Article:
Call me an old cynic, but that still leaves one or two tiny questions:
The answer to every one of those questions is, of course, the Labour Government. It’s no wonder Mr Simon was looking for someone – anyone – else to take the blame. But the fault lies squarely with Labour.

Siôn Simon also claimed that no college would go bust – without committing a single penny to make sure of that. Another magic word to the media, and he thinks the world’s righted itself. How does that square with his statement, presumably out of the other side of his mouth, that:
“It is right to say that the LSC has given in principle approval to 79 colleges which would total nearly £3bn of government money and it is clear that that level of expenditure cannot be funded in the current spending round.”
The Labour Government announced a big building programme; they told the LSC to get on with it; and now they’re cutting all that money. Whose fault is it, again?

By coincidence, on Monday – the same day as Mr Haysom resigned – the Labour Government announced a new white paper giving a ‘boost’ to adult learning. Real money and real buildings bad; magic words to the media and paper buildings good. This alleged boost to adult learning has the advantages of being pushed well into the future (translation: they hope someone else will have to deal with it) and only promising £20 million even then, a tiny fraction of the vast sums they’ve backed out of giving to colleges. Those are advantages for Labour, of course – not for anyone actually wanting to learn anything.

Hilariously, having let colleges down so damningly, this future promised £20 million would go not to the colleges, but to community groups like the Labour Government’s old friends, the churches, so that they can host classes instead. Even I’m not cynical enough to think this was planned so that the Labour Government could continue with their sectarian, ideological ‘faith agenda’ at the expense of colleges – I’m fairly sure they just didn’t have a fucking clue and made a total mess of it – but it does look like Labour’s saying, ‘The college has fallen down, so go to church instead,’ doesn’t it? Mind you, if I were a church making decisions on the basis of money promised by the Labour Government, rather than planning to repair the church hall, I’d keep a careful watch on the roof in case the local Labour MP pops by to nick the lead. And did you notice that, just yesterday, the Labour Government and the Church of England have banded together to create government subsidies for Post Offices and other outlets in churches? Special bungs to religion so they can have moneychangers in the temple… You couldn’t make it up.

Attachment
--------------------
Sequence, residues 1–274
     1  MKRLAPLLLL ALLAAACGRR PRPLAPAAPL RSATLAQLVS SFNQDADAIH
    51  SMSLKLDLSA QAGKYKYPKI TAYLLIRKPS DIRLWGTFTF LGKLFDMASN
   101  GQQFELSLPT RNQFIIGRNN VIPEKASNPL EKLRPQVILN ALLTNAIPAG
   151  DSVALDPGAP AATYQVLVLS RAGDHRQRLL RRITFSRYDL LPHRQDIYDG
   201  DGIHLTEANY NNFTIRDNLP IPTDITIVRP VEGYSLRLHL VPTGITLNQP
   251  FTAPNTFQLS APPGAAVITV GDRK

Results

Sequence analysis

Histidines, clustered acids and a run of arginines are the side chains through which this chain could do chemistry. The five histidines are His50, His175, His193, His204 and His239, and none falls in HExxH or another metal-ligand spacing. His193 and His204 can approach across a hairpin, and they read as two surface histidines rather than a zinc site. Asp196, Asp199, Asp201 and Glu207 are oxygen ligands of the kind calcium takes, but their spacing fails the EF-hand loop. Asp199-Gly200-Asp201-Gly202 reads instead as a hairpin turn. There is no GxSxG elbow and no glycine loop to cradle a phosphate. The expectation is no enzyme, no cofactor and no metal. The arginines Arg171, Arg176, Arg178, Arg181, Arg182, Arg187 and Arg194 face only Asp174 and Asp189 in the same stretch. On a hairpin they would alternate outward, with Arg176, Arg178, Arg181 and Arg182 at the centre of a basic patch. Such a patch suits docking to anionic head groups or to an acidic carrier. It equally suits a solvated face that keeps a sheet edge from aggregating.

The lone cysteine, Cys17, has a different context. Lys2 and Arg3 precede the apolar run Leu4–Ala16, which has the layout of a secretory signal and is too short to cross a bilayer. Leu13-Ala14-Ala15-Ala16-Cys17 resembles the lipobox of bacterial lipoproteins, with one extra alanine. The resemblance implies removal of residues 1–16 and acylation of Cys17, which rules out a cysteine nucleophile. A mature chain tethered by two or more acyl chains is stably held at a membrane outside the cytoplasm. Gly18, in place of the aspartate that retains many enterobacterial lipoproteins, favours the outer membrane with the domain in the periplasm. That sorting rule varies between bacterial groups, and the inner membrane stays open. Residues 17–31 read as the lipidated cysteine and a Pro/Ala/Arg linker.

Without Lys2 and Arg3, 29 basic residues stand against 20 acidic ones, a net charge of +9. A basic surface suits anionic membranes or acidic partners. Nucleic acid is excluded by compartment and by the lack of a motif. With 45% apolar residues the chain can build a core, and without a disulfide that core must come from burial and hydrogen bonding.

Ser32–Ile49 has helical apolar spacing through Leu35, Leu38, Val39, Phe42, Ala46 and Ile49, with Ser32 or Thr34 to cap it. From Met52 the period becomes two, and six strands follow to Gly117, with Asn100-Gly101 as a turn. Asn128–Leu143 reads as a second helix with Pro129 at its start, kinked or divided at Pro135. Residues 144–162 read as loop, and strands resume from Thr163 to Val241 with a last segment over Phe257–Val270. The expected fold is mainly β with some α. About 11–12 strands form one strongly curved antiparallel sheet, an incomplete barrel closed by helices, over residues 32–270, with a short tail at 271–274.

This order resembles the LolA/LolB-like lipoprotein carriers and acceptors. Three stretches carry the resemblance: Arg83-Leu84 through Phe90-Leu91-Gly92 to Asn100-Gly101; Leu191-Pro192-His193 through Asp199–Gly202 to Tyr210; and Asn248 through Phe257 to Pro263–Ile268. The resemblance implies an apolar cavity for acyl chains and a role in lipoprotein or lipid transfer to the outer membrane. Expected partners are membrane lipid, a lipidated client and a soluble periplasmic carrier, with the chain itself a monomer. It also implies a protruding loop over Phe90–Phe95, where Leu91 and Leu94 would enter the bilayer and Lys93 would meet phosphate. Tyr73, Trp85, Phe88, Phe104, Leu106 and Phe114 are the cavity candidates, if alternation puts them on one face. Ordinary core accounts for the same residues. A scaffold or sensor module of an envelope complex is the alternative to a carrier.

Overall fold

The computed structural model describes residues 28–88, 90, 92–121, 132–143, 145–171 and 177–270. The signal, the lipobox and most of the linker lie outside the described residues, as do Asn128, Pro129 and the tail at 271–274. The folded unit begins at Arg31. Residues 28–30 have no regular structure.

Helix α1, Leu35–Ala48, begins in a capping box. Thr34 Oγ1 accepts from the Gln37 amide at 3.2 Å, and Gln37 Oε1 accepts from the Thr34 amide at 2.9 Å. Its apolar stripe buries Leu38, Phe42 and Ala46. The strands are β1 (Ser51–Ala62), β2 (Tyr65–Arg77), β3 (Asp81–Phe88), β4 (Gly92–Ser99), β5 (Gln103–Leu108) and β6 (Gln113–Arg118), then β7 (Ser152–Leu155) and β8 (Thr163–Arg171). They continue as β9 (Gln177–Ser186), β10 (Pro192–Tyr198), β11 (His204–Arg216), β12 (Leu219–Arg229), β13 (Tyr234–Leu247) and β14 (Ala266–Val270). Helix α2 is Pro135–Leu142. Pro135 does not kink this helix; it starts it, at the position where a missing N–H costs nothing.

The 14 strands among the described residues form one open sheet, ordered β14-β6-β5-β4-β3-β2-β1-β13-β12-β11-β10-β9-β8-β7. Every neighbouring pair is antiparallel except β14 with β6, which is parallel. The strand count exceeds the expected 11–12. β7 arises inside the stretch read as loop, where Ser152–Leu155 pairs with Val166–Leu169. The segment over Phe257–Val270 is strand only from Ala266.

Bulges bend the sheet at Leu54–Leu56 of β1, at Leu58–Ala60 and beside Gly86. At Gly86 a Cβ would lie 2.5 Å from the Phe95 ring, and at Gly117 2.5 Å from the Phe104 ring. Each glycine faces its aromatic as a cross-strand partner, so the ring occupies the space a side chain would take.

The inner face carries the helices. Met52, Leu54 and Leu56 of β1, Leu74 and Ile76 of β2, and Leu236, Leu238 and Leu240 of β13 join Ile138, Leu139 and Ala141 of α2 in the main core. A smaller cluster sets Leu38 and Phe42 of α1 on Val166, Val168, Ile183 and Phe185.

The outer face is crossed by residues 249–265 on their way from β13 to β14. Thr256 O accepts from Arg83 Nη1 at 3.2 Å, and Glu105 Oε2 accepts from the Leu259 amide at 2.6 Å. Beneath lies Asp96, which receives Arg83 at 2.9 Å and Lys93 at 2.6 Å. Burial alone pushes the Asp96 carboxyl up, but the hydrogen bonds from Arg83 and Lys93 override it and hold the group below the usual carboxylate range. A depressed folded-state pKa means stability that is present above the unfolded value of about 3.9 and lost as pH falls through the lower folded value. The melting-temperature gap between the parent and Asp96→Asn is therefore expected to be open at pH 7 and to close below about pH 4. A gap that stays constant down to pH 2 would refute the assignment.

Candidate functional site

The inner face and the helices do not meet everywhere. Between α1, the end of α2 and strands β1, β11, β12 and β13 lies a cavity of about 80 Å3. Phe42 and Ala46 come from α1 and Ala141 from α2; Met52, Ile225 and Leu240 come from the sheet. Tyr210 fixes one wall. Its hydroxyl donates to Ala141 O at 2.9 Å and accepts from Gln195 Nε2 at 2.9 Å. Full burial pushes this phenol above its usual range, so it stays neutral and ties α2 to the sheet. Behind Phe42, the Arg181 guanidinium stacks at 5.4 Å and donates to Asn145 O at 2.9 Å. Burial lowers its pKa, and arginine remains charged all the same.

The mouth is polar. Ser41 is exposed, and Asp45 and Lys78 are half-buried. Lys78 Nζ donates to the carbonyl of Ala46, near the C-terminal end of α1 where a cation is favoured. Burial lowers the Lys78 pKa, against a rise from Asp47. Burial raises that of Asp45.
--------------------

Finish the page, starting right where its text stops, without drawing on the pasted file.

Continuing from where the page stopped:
On the same day as the massive cuts to colleges, last Thursday, the Labour Government announced an extra £50 poll tax on students from outside the EU. Yet another bit of populist immigrant-bashing, and for what purpose? It’s not going to raise a massive amount of money; it’s not going to raise it fairly; and, for overseas students who already pay vastly higher fees than even UK students do, announcements that the Labour Government wants to dip into their wallets at will may just put more of them off studying here – and lose our universities their lucrative custom.

Oh, and talking of UK students, it was last week, too, that Labour and their Welsh Assembly manifesto-breaking-mini-mes Plaid Cymru announced that, just like the Labour Government at Westminster and completely against every election promise Plaid have ever made, they’re scrapping the Welsh tuition fee grant, slashing student funding by around 40%. Labour broke manifesto promises to bring in tuition fees in the first place; now tuition fees will run rampant in Wales because telling-election-lie-itis has spread from them to Plaid Cymru in government in a particularly virulent form.

And the nightmare continues. Although the BBC still haven’t put up anything about it on their website, if you go to iPlayer and listen to this morning’s Today Programme at about ten to seven for the full details – or any of their news headlines for the short version – you’ll find that, despite touting a “Green New Deal,” one of the Labour Government’s biggest green technology initiatives has abruptly been closed.